We British always muddle through somehow
Whoever tries to deny that we English are a nostalgic lot ought to go and see Rowan Atkinson’s latest, profoundly silly flick, Johnny English Strikes Again. Sophisticated it isn’t – but we English are also not quite as erudite as we like to think.
Johnny English is a secret agent in the classic mould, put out to pasture before his time, then unexpectedly called back into action. Untouched by the era of smartphones and #Metoo, he is the perfect riposte to the ever-sleeker, ever-more sensitive and technologically cuttingedge James Bond. English has no clue how to use an ipad, he snorts in the face of virtual reality and he likes his motors gasguzzling and loud, even if they do run out of juice mid car chase.
The message isn’t exactly subtle. Britain muddles through, despite its clueless, supine politicians and creaking nuclear submarines. Fortunately, the message also isn’t the point and Mr Atkinson is true to his adage that nothing should get in the way of a good joke, not even his own dignity. I’d rather watch a whole scene of him dancing than an endless, high-octane car chase any day.
Another famous Briton apparently untouched by #Metoo Johnny Travolta: Rowan Atkinson never lets his dignity get in the way of a good joke is Sir Philip Green, who has landed himself in hot water by having a Topshop display on feminism ripped down shortly before it was due to open. The teen clothing store was all set to start selling copies of a new set of essays on feminism by various celebrities (Keira Knightley, Emma Watson and so on) when the monstrous billionaire ghoul himself pulled the plug.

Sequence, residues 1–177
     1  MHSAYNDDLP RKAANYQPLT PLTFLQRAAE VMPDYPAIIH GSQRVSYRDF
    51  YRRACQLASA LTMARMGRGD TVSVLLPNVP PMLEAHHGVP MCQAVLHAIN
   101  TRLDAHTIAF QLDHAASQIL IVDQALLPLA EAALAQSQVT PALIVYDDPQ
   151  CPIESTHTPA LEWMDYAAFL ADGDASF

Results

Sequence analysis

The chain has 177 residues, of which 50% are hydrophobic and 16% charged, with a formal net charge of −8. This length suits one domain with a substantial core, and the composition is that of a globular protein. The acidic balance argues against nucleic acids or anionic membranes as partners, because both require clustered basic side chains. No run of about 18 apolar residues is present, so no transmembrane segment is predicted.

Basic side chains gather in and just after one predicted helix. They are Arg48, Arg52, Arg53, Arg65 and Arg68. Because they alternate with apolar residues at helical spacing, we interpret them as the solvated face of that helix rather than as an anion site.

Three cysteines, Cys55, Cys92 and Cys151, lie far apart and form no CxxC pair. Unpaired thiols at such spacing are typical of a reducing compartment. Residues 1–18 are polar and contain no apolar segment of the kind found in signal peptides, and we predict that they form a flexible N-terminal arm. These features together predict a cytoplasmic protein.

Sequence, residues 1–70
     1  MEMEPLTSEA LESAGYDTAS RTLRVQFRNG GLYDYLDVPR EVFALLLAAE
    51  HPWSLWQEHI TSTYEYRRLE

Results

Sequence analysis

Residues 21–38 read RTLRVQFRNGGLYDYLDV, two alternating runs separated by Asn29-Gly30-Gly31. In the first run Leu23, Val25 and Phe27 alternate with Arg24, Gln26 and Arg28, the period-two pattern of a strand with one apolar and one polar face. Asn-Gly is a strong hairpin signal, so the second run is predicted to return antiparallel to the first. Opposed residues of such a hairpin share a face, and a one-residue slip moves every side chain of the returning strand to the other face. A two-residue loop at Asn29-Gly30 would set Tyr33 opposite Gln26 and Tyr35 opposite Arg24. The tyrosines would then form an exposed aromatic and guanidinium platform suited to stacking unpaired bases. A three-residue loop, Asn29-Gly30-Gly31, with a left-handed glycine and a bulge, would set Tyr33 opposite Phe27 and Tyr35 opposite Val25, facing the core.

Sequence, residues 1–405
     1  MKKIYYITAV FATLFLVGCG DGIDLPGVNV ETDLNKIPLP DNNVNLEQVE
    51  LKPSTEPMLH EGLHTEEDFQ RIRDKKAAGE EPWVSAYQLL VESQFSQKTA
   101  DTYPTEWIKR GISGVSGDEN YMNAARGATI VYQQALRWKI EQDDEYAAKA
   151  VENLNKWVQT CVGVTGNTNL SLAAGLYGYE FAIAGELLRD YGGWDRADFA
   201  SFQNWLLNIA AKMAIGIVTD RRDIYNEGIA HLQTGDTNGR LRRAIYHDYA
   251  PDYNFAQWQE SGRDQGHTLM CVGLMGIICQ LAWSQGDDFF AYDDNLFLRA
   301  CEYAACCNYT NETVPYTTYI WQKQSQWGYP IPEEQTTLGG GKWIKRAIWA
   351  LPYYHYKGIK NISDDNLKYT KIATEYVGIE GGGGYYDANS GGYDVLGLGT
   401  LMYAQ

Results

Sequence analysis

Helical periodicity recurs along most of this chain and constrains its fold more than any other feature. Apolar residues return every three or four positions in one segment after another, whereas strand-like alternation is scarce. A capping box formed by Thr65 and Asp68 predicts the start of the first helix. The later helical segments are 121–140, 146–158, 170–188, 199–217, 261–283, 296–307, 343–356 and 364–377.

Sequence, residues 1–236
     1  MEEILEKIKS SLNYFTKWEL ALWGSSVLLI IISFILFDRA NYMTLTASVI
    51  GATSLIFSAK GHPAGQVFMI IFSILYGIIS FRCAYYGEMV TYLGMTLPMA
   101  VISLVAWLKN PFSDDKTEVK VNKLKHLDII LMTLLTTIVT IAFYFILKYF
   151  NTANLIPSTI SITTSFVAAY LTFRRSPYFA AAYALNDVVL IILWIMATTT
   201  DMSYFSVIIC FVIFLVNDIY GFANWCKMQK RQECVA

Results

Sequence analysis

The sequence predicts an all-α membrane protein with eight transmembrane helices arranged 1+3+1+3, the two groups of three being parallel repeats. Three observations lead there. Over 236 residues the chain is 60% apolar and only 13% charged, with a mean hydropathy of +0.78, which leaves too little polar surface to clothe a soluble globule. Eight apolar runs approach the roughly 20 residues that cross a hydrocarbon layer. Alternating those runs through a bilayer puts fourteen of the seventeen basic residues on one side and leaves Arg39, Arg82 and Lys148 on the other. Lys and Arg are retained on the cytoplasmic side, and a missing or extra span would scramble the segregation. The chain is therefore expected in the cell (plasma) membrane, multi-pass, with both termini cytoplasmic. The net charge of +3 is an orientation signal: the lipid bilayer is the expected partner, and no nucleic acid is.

Pictures of the display had already been posted online. “Feminists don’t wear pink, feminists don’t wear makeup, feminists don’t like fashion,” it stated, with the “don’t” crossed out. Germaine Greer it ain’t.
Twenty minutes later, the book publisher, Penguin, announced that the Topshop deal was off. “This book aims to prove that the word ‘feminist’ is accessible to everyone,” it stated. “Today’s events suggest there is still some work to do.”
“He’s horrible – he’s the epitome of the old model of how people with briefcases act,” the editor of the book complained. She might have a point here. Sir Philip (do we still call him that?) is behind the times in a way that the canny executives below him might not be. Feminism isn’t so radical any more. It sells.